Germany’s Bid to Speed Up LNG Infrastructure Faces Opposition From Environmentalists
Berlin (CNSNews.com) – A German government plan to fast-track the construction of liquefied natural gas (LNG) terminals faces environmentalist opposition at home, while reported negotiation holdups with Qatar place further hurdles in the way of the country’s efforts to replace Russian gas.
The federal cabinet on Tuesday night approved a new “LNG acceleration act,” as part of a plan to replace at least 70 percent of Russian gas imports in the light of the Ukraine war and the crisis in Europe-Russia relations.
The new law, which has yet to be debated in the Bundestag, aims to enable four floating LNG terminals to be approved and constructed in just 10 months.
Such an accelerated process would be achieved in part by bypassing environmental impact assessments and public input, a move that has angered some organizations.
“It is unacceptable that environmental impact assessments and opportunities for the public and associations to get involved can be circumvented, or that legitimate safety concerns on the part of the public can be simply wiped away, as the draft envisages,” said Constantin Zerger of the campaign group Environmental Action Germany.
The group earlier announced a legal challenge to the process, charging that constructing a terminal at the North Sea port of Wilhelmshaven could endanger the underwater habitat and porpoises in the harbor.
The plans for legal action came despite a plea by Economy Minister Robert Habeck, who told the RTL broadcaster that without the LNG terminals, “supply security in Germany is not guaranteed.”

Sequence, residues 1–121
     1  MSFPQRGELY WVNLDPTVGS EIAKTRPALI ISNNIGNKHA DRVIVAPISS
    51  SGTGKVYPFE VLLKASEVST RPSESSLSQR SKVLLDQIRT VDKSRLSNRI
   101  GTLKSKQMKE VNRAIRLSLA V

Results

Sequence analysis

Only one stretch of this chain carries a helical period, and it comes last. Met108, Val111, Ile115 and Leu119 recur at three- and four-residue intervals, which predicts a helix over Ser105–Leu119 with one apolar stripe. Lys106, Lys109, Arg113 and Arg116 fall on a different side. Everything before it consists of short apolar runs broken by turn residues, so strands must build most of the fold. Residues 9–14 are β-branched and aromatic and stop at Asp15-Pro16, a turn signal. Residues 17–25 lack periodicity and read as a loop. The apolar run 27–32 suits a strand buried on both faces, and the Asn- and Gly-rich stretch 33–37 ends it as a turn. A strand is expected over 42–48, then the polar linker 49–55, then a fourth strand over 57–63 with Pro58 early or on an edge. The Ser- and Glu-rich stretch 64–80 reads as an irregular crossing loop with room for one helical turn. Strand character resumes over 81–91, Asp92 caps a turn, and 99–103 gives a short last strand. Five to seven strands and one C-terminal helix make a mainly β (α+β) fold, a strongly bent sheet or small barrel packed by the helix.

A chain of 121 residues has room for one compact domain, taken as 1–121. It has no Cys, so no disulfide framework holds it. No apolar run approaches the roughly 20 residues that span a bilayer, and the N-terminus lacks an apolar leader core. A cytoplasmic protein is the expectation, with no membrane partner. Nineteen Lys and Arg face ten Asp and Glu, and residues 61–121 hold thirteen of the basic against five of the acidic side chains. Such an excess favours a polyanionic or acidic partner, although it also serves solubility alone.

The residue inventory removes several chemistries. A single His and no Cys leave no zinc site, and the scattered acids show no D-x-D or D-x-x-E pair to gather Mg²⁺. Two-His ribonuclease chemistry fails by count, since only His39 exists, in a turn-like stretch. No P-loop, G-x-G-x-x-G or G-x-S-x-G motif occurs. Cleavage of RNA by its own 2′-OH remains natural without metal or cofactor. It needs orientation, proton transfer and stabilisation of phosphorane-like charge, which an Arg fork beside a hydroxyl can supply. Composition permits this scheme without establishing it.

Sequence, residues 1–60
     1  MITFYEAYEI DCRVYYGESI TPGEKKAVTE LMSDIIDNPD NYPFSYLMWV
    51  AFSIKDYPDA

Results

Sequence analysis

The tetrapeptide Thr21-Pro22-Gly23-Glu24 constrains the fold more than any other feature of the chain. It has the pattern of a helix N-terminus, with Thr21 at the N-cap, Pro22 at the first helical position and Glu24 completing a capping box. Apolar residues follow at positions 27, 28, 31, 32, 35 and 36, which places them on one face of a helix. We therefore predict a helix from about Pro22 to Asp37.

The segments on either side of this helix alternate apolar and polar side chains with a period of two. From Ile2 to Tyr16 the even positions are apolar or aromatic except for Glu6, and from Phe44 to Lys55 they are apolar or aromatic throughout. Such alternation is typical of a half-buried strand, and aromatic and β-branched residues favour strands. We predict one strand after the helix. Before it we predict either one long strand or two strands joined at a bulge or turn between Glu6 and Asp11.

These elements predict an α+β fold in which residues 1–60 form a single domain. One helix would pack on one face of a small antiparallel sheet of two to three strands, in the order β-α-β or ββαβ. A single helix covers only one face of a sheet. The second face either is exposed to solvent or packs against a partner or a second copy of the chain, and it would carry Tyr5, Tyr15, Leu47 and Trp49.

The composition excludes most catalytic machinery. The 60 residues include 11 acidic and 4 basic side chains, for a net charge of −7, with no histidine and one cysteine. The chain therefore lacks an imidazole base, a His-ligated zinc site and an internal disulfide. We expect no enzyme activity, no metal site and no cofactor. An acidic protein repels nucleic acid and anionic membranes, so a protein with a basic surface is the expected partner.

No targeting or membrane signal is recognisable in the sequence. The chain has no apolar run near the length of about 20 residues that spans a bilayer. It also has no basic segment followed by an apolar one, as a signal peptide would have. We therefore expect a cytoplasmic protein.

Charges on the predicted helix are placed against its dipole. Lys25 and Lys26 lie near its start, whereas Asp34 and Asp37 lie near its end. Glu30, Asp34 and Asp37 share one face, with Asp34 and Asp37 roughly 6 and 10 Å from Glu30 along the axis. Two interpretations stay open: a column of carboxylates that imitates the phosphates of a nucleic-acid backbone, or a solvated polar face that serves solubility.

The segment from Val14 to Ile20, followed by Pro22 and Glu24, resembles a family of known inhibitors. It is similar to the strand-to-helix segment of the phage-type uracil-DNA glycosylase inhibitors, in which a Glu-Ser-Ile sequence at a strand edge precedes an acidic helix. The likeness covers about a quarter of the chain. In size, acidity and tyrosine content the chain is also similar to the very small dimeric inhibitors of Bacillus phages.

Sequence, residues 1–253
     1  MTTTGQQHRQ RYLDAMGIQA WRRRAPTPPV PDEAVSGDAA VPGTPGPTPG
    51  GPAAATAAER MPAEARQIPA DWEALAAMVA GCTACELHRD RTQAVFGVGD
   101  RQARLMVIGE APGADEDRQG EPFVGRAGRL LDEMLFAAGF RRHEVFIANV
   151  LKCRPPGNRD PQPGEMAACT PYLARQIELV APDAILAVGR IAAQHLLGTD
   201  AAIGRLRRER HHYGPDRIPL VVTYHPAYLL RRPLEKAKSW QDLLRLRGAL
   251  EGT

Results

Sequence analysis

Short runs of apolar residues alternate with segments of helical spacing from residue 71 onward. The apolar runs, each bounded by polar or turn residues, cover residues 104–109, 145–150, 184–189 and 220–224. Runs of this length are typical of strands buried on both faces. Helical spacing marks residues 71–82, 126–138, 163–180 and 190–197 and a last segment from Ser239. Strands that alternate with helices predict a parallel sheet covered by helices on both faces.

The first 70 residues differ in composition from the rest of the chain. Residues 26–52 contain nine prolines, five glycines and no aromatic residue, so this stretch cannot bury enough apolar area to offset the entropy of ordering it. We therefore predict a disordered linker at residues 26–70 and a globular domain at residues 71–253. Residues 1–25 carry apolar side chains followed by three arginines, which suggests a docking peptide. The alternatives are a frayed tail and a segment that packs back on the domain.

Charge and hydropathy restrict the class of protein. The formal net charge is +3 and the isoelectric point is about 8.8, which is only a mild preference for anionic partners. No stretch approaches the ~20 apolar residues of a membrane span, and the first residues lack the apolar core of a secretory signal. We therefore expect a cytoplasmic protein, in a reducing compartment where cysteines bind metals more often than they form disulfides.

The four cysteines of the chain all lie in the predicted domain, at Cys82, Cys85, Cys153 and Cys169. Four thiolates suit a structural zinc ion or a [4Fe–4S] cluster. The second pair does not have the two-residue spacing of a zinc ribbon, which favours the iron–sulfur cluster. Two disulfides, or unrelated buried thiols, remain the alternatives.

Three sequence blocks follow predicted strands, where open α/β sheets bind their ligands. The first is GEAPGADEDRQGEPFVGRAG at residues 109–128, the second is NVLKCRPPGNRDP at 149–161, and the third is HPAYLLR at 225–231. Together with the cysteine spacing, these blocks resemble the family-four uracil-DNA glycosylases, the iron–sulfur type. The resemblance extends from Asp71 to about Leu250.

Citing the risk of gas supply interruptions, Habeck’s ministry said in a statement on Tuesday, “The immediate and fastest possible development of a more independent national gas supply is urgent.”
Just one day later, the Kremlin stoked fears of a potential cut in supplies, announcing counter-sanctions against the Gazprom Germania Group, a Russian-owned gas subsidiary that was recently placed under German government control.
After the cabinet decision on Tuesday, Environment Minister Steffi Lemke spoke out against curtailing climate protection measures in response to Russia’s invasion of Ukraine.
“Despite the war in Ukraine, we must not lose sight of the climate crisis and the crisis of species extinction,” she told the Augsburger Allgemeine newspaper.
“Russia’s war of aggression against Ukraine makes us painfully aware of the vulnerability and dependence of our fossil energy supply,” Lemke said. “This is exactly why we must promote the expansion of renewable energies and must not organize a step backwards to the old fossil days.”
Meanwhile, Germany’s bid to wean itself off Russian gas faces another potential roadblock, with reports that plans to seek long-term supplies from Qatar are being held up over serious contractual differences.
Citing people familiar with the process, Reuters reported that Qatar has imposed heavy-handed conditions for a deal, including a minimum term of 20 years and a ban on Germany re-exporting the gas to other E.U countries.
Such a ban would undermine a pledge by Chancellor Olaf Scholz to help landlocked E.U. member-states by facilitating gas supplies.
Qatar reportedly also wants the gas price to be tied to the price of oil, whereas Germany wants to keep the price linked to the European gas index. Germany’s Economy Ministry has not commented on the report.
Habeck visited Qatar, now the world’s largest LNG supplier, in March, and the two sides agreed on a long-term energy partnership.
Before that trip, Habeck warned in a radio interview that if Germany did not obtain more gas by next winter, and if deliveries from Russia ceased, it would not have sufficient supply to heat homes or keep industry afloat.
The Emir of Qatar, Tamim bin Hamad Al Thani, is expected to travel to Germany this month to continue negotiations.
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